It seems to me that this is the sort of scenario that lots of people must have run into, and I'm curious how other folks have faced it down. I can think of a couple approaches to perhaps make it better:

(1) Treat the client-side Model as a sort of database which needs to be kept completely coherent, and implement a client-side data access layer whose job it is to keep the model consistent. All updates to the model, whether from the user or the server, would need to go through this layer. It would be a little like the Entity Framework, in that myRoom.Users.Add(myUser) would automatically set myUser.Room = myRoom, and vice versa, and so forth. (This especially is the part that it seems like someone somewhere should have already developed, though I haven't found it yet.)

(2) Lean on something like Truss or Obtics, to keep all the pieces in sync. Not quite sure how that would work yet, but it sounds in theory like it should be possible.

And... what else? I'm curious as to the patterns or frameworks that have been used to solve this problem.

share|improve this question

I understand your pain - I am currently developing a complex data visualization application using the MVVM pattern. One really important question to ask yourself is, "Does the View Model add value everywhere that you ar eusing it?", in ther words, are there places where it is simply forwarding properties on your model layer to your view?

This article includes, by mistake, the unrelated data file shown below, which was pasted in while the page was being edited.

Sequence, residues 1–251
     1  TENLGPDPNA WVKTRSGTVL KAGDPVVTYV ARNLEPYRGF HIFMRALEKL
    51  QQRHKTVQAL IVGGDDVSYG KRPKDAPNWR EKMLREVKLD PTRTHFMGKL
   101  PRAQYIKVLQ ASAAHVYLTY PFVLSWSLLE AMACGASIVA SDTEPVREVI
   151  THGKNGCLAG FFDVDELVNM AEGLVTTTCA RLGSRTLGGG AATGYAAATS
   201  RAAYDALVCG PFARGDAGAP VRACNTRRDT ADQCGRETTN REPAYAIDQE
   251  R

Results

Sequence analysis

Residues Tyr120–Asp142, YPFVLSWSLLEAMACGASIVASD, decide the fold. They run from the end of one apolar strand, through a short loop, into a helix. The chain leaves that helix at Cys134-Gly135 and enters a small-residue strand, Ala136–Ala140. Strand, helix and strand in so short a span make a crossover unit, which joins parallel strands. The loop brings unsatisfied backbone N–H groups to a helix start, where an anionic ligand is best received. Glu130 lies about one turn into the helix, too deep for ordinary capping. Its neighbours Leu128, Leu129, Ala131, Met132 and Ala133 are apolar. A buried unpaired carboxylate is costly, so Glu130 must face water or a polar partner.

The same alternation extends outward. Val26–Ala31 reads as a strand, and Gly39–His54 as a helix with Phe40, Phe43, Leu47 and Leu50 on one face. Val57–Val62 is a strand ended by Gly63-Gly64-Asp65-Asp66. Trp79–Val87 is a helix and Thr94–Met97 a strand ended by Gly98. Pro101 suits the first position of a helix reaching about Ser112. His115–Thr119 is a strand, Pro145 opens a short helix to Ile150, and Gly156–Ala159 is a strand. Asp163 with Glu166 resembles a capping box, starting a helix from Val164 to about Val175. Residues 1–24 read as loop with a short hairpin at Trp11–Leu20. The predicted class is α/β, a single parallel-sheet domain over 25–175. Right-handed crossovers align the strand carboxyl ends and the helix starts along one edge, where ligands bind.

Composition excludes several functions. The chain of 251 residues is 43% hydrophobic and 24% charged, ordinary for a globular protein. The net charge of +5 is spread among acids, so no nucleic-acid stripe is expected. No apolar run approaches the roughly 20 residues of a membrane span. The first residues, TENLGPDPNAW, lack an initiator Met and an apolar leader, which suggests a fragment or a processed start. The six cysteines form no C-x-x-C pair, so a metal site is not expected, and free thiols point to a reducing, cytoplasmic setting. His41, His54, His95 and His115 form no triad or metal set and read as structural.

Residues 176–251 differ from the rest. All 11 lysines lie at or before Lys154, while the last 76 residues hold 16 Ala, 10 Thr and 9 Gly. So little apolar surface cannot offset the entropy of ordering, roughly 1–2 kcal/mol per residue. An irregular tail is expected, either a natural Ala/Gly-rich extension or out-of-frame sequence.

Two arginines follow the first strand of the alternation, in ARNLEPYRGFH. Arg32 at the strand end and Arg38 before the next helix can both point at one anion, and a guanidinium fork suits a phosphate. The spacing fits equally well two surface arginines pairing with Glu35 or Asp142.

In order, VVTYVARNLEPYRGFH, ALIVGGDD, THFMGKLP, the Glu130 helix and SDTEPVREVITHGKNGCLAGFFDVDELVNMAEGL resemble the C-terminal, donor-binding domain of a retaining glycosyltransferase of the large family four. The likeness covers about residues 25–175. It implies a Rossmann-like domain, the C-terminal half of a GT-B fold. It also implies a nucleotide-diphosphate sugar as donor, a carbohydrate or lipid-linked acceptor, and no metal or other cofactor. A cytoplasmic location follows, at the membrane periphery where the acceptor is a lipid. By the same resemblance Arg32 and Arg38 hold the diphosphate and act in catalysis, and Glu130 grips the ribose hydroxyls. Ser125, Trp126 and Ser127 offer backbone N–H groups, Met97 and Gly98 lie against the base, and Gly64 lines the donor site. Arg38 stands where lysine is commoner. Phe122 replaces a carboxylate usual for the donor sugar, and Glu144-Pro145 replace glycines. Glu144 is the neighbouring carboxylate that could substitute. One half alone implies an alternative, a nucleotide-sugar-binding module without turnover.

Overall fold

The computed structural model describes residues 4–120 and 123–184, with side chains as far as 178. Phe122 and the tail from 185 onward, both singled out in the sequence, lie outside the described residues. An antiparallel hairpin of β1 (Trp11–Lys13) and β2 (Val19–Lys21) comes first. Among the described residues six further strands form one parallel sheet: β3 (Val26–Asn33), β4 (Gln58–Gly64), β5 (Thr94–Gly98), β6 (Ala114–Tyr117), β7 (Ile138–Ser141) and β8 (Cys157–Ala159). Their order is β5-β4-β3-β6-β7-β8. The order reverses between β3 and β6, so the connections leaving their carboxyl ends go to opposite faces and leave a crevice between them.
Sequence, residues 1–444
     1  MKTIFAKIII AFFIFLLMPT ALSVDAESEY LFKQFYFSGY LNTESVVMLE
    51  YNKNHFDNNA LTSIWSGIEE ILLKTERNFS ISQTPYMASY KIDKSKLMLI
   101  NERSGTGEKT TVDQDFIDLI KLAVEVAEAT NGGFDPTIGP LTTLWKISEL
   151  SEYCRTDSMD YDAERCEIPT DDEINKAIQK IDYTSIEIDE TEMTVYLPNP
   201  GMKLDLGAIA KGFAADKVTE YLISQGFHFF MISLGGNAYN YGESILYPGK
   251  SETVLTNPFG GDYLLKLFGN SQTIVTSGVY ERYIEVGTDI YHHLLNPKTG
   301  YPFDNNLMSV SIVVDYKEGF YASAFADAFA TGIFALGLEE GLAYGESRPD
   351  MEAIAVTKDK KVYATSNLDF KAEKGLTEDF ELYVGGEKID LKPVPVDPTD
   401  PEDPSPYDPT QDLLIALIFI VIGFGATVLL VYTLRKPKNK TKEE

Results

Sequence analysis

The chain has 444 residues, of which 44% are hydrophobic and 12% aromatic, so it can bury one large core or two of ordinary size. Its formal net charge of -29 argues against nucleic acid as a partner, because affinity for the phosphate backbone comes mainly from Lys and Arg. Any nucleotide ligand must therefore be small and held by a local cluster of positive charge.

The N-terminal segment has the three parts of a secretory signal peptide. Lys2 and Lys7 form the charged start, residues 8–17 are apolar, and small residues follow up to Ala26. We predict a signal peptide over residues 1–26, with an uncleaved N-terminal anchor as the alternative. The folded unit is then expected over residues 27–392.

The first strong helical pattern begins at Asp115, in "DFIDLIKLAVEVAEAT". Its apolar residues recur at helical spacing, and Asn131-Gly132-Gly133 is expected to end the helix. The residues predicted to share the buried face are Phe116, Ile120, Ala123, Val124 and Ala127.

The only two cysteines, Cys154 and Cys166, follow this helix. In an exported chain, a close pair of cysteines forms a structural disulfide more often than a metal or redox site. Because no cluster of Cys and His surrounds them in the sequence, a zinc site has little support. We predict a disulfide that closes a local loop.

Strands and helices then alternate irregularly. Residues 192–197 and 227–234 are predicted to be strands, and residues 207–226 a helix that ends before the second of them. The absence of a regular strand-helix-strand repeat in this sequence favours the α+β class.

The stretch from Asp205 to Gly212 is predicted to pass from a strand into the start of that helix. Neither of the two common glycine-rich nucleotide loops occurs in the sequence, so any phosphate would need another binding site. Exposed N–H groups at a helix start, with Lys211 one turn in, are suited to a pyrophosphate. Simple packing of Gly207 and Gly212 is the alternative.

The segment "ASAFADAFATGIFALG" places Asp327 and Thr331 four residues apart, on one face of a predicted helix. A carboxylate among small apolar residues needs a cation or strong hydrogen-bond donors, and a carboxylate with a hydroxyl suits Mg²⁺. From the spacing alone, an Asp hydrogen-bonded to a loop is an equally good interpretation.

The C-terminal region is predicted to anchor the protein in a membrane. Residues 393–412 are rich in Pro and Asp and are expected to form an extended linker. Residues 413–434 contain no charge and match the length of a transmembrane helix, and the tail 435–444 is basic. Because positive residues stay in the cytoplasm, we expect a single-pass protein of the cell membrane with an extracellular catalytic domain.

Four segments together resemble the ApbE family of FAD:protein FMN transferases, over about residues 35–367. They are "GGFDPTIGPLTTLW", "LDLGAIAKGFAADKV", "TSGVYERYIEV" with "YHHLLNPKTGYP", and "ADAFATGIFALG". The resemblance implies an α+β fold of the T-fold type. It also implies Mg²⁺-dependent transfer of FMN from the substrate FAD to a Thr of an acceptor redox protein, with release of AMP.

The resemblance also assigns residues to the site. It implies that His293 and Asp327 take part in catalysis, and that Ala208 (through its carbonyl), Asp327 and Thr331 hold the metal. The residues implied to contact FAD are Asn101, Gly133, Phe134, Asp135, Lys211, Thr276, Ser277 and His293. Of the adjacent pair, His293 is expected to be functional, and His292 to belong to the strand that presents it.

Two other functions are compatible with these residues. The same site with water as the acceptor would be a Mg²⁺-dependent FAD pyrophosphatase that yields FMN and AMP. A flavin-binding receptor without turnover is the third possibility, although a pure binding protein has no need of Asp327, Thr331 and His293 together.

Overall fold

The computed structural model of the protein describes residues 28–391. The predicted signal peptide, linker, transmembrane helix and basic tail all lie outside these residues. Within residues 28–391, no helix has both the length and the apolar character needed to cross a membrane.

I often find that there areas of code, typically at the detail level (e.g. the properties of a Person object, Age, Name, Forename), where the view model is not actually adding any value at all, whilst at the more course level, it adds value by structuring views / windows etc...

I tend to take an adaptive approach to MVVM, at the top level (Windows, panes, forms) I always have a view model, but if parts of the view model are so simple that a view model adds no value, I expose them to the view directly. Also, in some cases you need to expose the model directly to the view for better performance.

Finally, if you find that you need to re-introduce a view model to solve a tricky binding issue, I wrote about a simple pattern, mini-MVVM, which applies a local view model:

http://www.scottlogic.co.uk/blog/colin/2009/08/the-mini-viewmodel-pattern/

Hope that helps.

share|improve this answer
    
That's basically what I'm doing: I'm no purist :-). Each of my ViewModels has a Model property which exposes the underlying model. Since the Model in this instance is always a WCF-generated class, it implements INotifyPropertyChanged, and so it works reasonably well as a binding source. The only properties I add to my ViewModel are the ones that actually add value in some fashion. But I still have to deal with the problem of the Model needing to be refreshed when the server sends a message to the client with an updated Model. – Ken Smith Feb 5 '11 at 8:32